TV Review: ‘The Boy’ On Chiller Friday Night

The Boy… who would be a serial killer. Jered Breeze plays the titular boy, 9-year-old Ted; who is nowhere near as funny or lovable as another Ted with which you may be more familiar. This horror/thriller explores the possible consequences of isolation, loneliness, abandonment, anger, and a fascination with death as Ted’s psychopathic tendencies slowly evolve throughout the movie. While it may seem slow to some, it is very realistic and may even be considered unnerving by many.

Ted’s father, John (the always enthralling David Morse), runs a small motel where him and Ted live seemingly miles from anywhere. John hasn’t recovered from his wife leaving and is constantly down and depressed occasionally trying to get through by drinking (which never works, but people will keep trying). Because of John’s despondency, Ted is left alone with the responsibility of cleaning the motel and caring for their livestock. But because the motel frequently has zero guests (much to the dismay of John’s creditors), cleaning doesn’t take up a lot of Ted’s time leaving him alone with only his thoughts and weird hobbies.

Ted has some kind of deal set up with his father to collect roadkill in exchange for an unspecified amount of payment. Instead of just collecting roadkill, he starts placing food in the center of the road to lure animals into the path of passing motorists. On some level, this is genius and a pretty good business plan. However, on the other hand, it is also one of the first (but definitely not last) signs that something may be off with Ted.

Ted’s ambitions are made clear fairly early on; he is saving the money he gets from his father in order to buy a bus ticket to his mother. He dislikes living at the dying motel and uses every opportunity to either gain a trip away from there or keep guests at the motel. He’ll even go as far as snooping through occupied rooms and personal vehicles. As each opportunity fails to pan out the way he’d hoped, his anger and resentment grows.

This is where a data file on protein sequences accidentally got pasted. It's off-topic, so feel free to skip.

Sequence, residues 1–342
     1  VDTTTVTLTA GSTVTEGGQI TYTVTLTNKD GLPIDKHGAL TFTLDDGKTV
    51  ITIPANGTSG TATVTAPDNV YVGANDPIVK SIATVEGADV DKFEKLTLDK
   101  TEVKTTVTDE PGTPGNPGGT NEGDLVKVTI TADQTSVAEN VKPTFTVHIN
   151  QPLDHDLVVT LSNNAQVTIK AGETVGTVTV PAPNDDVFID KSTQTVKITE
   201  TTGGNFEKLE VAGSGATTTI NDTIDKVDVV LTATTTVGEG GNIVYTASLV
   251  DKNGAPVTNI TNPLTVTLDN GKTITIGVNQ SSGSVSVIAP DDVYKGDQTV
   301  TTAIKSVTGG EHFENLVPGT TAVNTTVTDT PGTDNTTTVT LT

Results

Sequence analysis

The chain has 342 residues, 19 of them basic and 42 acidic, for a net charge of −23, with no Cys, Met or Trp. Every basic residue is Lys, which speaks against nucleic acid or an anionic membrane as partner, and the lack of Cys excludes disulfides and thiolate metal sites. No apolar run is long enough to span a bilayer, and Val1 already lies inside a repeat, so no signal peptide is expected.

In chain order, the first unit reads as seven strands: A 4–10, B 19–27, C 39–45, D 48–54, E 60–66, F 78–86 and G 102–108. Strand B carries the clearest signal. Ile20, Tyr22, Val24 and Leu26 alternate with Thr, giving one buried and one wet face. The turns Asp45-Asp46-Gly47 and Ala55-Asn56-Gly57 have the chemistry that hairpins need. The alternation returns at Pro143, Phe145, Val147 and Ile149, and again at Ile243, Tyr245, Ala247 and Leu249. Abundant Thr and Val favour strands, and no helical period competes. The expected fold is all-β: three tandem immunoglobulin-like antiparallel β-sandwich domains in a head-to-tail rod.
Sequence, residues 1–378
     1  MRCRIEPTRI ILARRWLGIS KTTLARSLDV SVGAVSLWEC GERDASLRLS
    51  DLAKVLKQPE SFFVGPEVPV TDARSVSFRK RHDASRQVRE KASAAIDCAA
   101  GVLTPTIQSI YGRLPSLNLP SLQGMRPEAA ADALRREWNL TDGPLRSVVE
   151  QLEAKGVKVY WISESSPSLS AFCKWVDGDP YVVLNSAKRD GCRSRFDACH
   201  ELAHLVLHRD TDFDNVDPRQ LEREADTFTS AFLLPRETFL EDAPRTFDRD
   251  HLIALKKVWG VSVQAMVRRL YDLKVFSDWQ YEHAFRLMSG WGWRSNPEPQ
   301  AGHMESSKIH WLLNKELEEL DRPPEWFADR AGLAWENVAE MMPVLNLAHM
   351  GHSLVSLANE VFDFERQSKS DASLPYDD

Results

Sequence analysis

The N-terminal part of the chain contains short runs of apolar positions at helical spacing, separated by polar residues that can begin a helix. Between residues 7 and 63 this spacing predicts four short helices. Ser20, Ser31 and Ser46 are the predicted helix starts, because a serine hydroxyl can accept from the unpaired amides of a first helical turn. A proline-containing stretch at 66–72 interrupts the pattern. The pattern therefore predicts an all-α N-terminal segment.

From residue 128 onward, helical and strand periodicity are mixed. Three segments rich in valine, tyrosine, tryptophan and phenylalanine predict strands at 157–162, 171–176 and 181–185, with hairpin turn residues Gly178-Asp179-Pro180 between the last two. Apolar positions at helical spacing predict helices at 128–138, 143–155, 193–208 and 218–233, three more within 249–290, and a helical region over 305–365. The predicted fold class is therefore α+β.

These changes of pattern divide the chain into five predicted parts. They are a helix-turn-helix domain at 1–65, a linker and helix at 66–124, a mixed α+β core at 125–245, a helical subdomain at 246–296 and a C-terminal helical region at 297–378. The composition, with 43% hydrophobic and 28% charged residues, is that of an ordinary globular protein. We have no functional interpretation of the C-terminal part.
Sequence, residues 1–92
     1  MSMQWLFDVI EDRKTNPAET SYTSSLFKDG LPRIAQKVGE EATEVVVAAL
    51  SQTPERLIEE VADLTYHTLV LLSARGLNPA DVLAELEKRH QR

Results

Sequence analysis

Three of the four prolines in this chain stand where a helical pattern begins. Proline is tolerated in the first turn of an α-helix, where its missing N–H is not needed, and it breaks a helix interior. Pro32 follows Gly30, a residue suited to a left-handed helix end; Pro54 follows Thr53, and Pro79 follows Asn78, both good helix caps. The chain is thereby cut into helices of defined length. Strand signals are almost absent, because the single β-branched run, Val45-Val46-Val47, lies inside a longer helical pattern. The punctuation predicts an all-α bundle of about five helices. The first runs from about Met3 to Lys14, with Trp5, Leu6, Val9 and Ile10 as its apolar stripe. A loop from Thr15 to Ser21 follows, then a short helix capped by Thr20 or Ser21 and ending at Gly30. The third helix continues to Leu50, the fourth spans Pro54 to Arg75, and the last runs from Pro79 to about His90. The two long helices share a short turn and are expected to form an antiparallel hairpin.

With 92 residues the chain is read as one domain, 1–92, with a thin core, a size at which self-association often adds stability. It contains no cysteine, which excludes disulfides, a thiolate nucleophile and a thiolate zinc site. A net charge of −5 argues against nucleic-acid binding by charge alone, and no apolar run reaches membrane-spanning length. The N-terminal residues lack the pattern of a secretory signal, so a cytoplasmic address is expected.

Jered is excellent in the role; it’s almost creepy how well he plays Ted. The way his facial expression changes in the pool as Ted’s mind flips from playful to ominous is very telling. Many scenes lack dialogue and depend solely on Ted’s action and reactions to determine what is going on in his mind and most of the time, it works. Of course, we are watching a burgeoning psychopathic Norman Bates-esque character, so some of the time, it’s tough to tell what is going through his mind (tough to avoid the Psycho comparison when the boy works in a motel and seems to have great affection for his absent mother).

Rainn Wilson appears as a traveler whose car is damaged by Ted’s roadkill deal. He and Ted briefly form a bit of a bond, but it doesn’t last after Ted becomes fascinated with the traveler’s dead wife’s ashes. Like much of the movie and characters, Rainn’s traveler is dark and kind of lost in his own despondency; nothing like Dwight Schrute or some of his other more light-hearted characters. While it is eye-opening, The Boy is in no way an uplifting movie.

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